“Traditional motocross bikes have more suspension and power. These two things were my biggest disadvantage aboard the Sur-Ron X. The race course was rough and choppy and the bike did not soak up the rough track like a traditional gas bike, it required me to pick my lines carefully and try to be strategic when coming into difficult sections. I could keep my speed on the fast flowing sections of the track but the power limitations were noticeable when I had a steep hill to climb or needed to pass another racer quickly. The advantages of the Sur-Ron are that it is light and nimble. If I picked the right line and carried momentum, the bike would dissect the course nicely.”

    Tucker as had another advantage aboard the Sur Ron: Its stealthy silence.

    “On a traditional gas bike, you can always hear your competitors as they get close to you and you can race them accordingly. No one knew I was there! I started having to use the horn because I knew I was catching racers off guard when trying to pass them. They had no idea I had closed up on them.”

    See Tucker’s ride first hand in the video from his Electric Cycle Rider YouTube channel. Then continue reading below for Tucker’s race impressions.



    Sur Ron race video

    The grueling 3 lap race covered extremely rough terrain and took Tucker 58 minutes to complete.

    The Sur Ron’s battery is just shy of 2 kW. That’s a lot for an e-bike but rather modest for an electric motorcycle, especially one ridden through sand and dirt.

    As the race neared the end, Tucker’s Sur Ron had nearly depleted its battery. The bike’s top speed and power dropped as it began to enter “limp mode”.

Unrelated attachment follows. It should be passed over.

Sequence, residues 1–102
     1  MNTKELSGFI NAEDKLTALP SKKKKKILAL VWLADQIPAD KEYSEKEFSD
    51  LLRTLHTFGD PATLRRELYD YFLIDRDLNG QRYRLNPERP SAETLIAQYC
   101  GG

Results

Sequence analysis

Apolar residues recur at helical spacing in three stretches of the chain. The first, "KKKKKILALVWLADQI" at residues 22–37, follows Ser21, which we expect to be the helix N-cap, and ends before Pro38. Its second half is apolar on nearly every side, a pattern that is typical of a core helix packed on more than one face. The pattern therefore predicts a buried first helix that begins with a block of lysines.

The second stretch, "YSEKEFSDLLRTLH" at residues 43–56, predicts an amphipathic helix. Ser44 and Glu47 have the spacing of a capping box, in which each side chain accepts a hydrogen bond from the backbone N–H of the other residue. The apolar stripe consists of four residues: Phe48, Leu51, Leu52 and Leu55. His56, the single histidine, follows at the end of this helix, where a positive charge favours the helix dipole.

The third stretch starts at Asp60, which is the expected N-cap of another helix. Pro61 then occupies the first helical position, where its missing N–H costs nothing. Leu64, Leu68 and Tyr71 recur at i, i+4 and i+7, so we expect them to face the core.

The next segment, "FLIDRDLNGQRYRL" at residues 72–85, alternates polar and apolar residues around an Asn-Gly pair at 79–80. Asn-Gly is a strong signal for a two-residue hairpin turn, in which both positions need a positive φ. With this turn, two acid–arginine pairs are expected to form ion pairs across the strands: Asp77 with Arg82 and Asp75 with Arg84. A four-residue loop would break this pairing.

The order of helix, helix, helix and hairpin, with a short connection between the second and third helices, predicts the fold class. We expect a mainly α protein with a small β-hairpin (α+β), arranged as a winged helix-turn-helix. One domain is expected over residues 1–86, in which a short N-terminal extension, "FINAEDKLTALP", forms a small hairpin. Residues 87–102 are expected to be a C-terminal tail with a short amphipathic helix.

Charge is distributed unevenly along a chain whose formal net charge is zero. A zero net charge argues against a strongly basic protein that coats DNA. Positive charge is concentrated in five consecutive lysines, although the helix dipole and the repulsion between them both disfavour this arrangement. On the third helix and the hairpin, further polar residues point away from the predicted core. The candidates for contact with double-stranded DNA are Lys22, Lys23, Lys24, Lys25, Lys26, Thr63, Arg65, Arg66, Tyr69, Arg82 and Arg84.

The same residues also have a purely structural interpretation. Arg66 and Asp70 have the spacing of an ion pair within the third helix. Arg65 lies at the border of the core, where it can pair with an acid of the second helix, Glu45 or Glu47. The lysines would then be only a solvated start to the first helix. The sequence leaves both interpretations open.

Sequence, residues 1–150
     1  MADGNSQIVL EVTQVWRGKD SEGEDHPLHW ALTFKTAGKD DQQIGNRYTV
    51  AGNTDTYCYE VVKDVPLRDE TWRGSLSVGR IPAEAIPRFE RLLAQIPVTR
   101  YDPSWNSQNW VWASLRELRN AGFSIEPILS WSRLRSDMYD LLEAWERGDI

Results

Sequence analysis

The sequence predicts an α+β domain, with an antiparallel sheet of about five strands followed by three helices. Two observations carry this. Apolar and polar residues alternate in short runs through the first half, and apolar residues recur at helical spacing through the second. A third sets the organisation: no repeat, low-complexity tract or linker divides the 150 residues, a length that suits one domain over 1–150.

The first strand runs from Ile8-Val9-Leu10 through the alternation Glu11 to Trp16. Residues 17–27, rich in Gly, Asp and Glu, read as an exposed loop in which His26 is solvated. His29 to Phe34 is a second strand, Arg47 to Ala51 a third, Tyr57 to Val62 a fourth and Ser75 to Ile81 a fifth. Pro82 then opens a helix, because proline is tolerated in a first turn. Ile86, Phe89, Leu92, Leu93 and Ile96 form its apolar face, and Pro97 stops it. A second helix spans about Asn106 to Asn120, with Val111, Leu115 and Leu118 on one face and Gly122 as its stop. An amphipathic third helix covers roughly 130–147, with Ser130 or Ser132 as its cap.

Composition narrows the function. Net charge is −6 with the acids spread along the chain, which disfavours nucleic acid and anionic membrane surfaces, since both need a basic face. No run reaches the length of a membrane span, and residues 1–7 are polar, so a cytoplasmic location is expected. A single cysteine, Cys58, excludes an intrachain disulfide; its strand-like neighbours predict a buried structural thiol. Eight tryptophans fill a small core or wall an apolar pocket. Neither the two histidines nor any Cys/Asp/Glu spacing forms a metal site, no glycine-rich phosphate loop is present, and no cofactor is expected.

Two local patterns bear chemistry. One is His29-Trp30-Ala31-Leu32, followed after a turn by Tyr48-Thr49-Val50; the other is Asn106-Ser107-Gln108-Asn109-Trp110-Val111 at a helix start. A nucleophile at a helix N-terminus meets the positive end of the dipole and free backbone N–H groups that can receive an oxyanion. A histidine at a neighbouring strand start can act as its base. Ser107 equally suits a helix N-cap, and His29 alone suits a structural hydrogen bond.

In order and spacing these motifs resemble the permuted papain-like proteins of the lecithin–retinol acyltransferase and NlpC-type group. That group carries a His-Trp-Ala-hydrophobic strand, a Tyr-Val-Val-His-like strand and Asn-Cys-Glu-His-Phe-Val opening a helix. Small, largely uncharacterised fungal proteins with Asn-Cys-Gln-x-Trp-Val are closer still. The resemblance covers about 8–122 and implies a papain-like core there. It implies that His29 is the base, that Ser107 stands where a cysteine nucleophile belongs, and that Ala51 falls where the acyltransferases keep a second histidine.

Then with just four turns left on the last lap, the battery died and Tucker had to do the walk of shame across the line. Though with the lead he built up through out the race, there wasn’t too much shame in it since he still held onto first place in his motorcycle class. Not too shabby!


    As Tucker explained in a recap of the race:

    “I placed 1st in my class and I’m pretty stoked about that! I think the bike did really well. I almost finished with the battery, but on that third lap I went into EP [economy] mode and about three or four corners from the finish it finally gave out but that’s about the best place possible to have the bike die on me. Each lap was just slightly over 5 miles so I basically got 15 miles of hard riding and my total time elapsed was 58 minutes.”

    While the Sur Ron is often quoted as having a range of around 40-50 miles (65-80 km), that is only possible when riding in Eco mode and at reduced speeds on flat, smooth terrain. Sand, dirt and hills are all known to eat up battery in electric motorcycles, making these styles of races particularly brutal for electric motorcycles. Of course that also makes the 1st place finish all the more impressive.

    https://electrek.co/2019/09/08/sur-ron-electric-motorcycle-race-beat-gas-motorcycles/

    Impressive indeed! :clap
    Baja Ho likes this.
  16. Baja Ho

    Baja Ho Momentum is your friend

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    Nice job, didn't have to clean an air filter either.
    voltsxamps likes this.
  17. derblauereiter

    derblauereiter Mostly made of cheese Supporter

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    Attached Files:

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  18. T.S.Zarathustra

    T.S.Zarathustra Been here awhile

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  19. wheresbaoskee

    wheresbaoskee Perpendicular to Everything

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    Long Way Round had a handful of support vehicles in addition to the 3 bikes. Haven't watched Long Way Down (yet) but I would imagine the same.

    https://en.wikipedia.org/wiki/Long_Way_Round

    Watch the tail end of the Top Gear Patagonia special when they are GTFOing of Ushuaia; there are at least 3 or 4 of the giant racing trucks that run the Dakar and a fleet of SUVs. IIRC they mention needing to evacuate somewhere around 35+ crew and tons of gear. Much more elaborate of a production than the "... Way 'Round." series, but there's always a support crew someplace.

    Honestly, I'm more interested in how the Rivian trucks perform than the bikes at this point. :lol3

    Should still be quite interesting to see it put together. :clap
  20. derblauereiter

    derblauereiter Mostly made of cheese Supporter

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    Truth!